Sailing: O’Connor claims overall All-Ireland honours at Dún Laoghaire
Format of the event again seems to favour small boat sailors
Michael O’Connor (right), with crew Davy Taylor, emerged overall winner of the coveted ‘champion of champion’ title at the All-Ireland Sailing Championship at Dún Laoghaire. Photograph: David Branigan/Oceansport
Due to 30 knot gusts on Dublin Bay, the final round was sailed inside the pier walls over a short course of around 20 minutes with O’Connor and his crew Davy Taylor winning two of the four final races.
An earlier sixth place was discarded by O’Connor and the fourth race brought the series down to the wire with constant pressure from Bangor’s Robert Espey of the RS400 class racing with Beijing Olympian Stephen Milne.
A total of 16 national champions or prominent top sailors were nominated to the event hosted by the National Yacht Club and sailed in a fleet of loaned two-person Flying 15 keelboats that recently finished a two-week world championships on Dublin Bay.
Defending 2018 champion Peter Kennedy fell victim to a limitation of the event format on Saturday when his loaned boat broke during the starting sequence of his first race and both reserve boats had already been called into service.
In the final analysis, expectations that Flying 15 sailors would dominate the event sailed in their own class and on mostly home waters were wide of the mark.
Small boat sailors
Yet the format of the event certainly favoured small boat sailors and not for the first time either.
O’Connor was nominated by the SB20 class as was Kennedy in 2018 and while the defender graciously accepted being ruled out of the competition by the gear failure issue, a showdown between the eventual winner and the defender, both hailing from the same class would have been a spectacle in itself.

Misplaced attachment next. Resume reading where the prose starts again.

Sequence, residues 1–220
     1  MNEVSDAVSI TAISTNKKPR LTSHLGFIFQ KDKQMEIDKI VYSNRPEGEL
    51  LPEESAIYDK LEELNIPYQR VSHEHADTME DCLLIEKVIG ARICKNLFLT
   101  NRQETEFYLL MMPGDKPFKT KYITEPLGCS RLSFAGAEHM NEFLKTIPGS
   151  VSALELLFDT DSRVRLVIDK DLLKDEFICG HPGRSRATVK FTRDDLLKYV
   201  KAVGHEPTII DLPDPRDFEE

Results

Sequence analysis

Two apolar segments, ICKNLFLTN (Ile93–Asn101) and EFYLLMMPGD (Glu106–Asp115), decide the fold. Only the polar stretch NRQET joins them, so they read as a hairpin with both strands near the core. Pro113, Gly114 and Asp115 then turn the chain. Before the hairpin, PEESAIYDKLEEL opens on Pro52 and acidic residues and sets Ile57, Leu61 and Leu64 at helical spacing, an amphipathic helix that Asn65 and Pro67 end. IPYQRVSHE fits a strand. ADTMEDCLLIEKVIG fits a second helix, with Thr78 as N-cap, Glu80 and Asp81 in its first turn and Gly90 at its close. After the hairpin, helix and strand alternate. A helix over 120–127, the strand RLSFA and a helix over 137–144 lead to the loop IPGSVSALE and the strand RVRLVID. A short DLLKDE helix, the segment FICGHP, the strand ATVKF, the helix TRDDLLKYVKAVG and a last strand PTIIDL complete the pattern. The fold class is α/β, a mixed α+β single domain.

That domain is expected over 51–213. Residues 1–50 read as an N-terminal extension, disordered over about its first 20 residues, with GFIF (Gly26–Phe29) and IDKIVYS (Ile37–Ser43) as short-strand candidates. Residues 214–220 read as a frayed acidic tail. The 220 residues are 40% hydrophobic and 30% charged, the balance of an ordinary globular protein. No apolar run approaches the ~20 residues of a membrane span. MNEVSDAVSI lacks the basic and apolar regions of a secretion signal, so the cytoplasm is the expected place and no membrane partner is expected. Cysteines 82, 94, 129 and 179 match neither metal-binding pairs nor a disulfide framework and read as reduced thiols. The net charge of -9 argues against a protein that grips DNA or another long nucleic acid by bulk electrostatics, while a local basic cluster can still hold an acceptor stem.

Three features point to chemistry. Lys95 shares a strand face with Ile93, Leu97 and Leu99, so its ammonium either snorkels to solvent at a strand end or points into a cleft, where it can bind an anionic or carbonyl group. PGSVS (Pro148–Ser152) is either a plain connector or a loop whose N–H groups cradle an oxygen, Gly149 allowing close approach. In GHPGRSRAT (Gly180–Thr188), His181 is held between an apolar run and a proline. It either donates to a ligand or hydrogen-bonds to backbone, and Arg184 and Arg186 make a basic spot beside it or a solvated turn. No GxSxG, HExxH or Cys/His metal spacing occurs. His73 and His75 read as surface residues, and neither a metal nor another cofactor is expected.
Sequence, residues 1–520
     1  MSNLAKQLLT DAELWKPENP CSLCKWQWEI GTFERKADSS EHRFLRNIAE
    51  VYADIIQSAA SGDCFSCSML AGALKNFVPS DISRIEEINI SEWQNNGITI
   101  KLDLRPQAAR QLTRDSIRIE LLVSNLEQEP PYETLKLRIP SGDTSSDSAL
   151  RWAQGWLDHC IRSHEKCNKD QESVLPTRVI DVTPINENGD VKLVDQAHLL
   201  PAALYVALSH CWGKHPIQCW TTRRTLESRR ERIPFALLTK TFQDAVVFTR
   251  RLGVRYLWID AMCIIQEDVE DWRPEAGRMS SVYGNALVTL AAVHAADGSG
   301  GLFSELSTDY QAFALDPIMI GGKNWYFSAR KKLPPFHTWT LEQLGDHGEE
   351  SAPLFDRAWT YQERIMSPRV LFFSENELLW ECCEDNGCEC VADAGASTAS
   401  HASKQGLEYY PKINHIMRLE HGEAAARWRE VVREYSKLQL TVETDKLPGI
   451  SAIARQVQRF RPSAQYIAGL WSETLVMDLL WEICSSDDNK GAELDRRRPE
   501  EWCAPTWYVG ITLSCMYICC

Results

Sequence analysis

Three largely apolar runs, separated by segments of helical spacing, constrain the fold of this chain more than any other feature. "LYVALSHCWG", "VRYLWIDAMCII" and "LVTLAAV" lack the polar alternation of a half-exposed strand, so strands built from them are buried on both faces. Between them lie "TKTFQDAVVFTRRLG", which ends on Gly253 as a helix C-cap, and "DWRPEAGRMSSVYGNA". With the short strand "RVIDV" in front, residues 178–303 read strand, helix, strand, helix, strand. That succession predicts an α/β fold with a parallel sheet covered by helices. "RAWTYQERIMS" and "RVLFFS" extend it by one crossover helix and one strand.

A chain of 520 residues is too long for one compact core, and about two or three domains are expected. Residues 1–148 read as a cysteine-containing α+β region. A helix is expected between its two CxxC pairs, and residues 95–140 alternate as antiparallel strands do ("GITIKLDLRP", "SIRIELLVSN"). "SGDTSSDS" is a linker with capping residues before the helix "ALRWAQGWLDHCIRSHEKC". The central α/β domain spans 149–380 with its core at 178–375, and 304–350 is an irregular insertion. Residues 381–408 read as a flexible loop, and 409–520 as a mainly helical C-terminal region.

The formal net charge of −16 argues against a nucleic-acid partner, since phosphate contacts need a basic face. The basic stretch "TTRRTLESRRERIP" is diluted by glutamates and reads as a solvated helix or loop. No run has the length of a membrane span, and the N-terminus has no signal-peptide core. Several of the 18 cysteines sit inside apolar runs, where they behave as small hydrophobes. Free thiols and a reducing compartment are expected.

Perhaps Irish Sailing might yet consider offering Kennedy a wildcard place in the 2020 event for the prospect of a sail-off between him and O’Connor.
But Espey and Milne were worthy adversaries ahead of a bunch of other contenders who could easily have been in the frame for a win and the event was decided on a one-point difference between first and second place.
Even here, the small boat advantage shows through as Espey was sailing for the RS400 class while former GP14 world champion Shane McCarthy from Greystones Sailing Club with Shane Boyle crewing placed third.
Formerly known as the Helmsman’s Championship of Ireland, the event stays true to its roots with the Irish Dinghy Racing Association that went on to become the Irish Yachting Association and most recently Irish Sailing.
That heritage helps explain the weighting towards small boat sailors and the championship as a test of a helm’s skills. Where the format falls short, possibly, is that a significant proportion of the sport comprises cruiser-racing and those sailors don’t feature as highly in the results.
While the Irish Cruiser Racing Association is eligible to provide its class champions or equivalent nominees to the All-Irelands, this year neither ICRA representative progressed into the final eight places.
Next year’s championship is already slated to be held at the Royal Cork Yacht Club which itself will be ‘en fete’ for its 300th anniversary and the National 18 class will be the boat of choice.
But perhaps, sometime in the future, consideration might be given to staging the event under IRC handicap or similar system, even once or perhaps every three or four years to see how sailing the event in bigger boats affects the results.
Given that many big boat sailors find their way into cruiser racers from small boats anyway, it could prove to be a fully representative format of the complete sport.